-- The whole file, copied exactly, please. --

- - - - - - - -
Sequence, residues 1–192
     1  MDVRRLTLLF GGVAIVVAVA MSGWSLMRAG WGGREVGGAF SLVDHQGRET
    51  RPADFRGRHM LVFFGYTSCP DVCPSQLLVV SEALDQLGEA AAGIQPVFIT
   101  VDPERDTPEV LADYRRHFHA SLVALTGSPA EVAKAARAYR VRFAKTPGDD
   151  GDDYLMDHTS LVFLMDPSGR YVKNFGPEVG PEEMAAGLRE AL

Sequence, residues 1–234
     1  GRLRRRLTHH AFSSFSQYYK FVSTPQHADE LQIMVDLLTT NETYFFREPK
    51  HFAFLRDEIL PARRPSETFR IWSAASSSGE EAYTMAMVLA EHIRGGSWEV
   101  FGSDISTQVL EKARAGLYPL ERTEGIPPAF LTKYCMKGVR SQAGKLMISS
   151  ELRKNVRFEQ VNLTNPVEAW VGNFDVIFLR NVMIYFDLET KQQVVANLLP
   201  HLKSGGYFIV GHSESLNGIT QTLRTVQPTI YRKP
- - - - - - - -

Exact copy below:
Sequence, residues 1–192
     1  MDVRRLTLLF GGVAIVVAVA MSGWSLMRAG WGGREVGGAF SLVDHQGRET
    51  RPADFRGRHM LVFFGYTSCP DVCPSQLLVV SEALDQLGEA AAGIQPVFIT
   101  VDPERDTPEV LADYRRHFHA SLVALTGSPA EVAKAARAYR VRFAKTPGDD
   151  GDDYLMDHTS LVFLMDPSGR YVKNFGPEVG PEEMAAGLRE AL

Sequence, residues 1–234
     1  GRLRRRLTHH AFSSFSQYYK FVSTPQHADE LQIMVDLLTT NETYFFREPK
    51  HFAFLRDEIL PARRPSETFR IWSAASSSGE EAYTMAMVLA EHIRGGSWEV
   101  FGSDISTQVL EKARAGLYPL ERTEGIPPAF LTKYCMKGVR SQAGKLMISS
   151  ELRKNVRFEQ VNLTNPVEAW VGNFDVIFLR NVMIYFDLET KQQVVANLLP
   201  HLKSGGYFIV GHSESLNGIT QTLRTVQPTI YRKP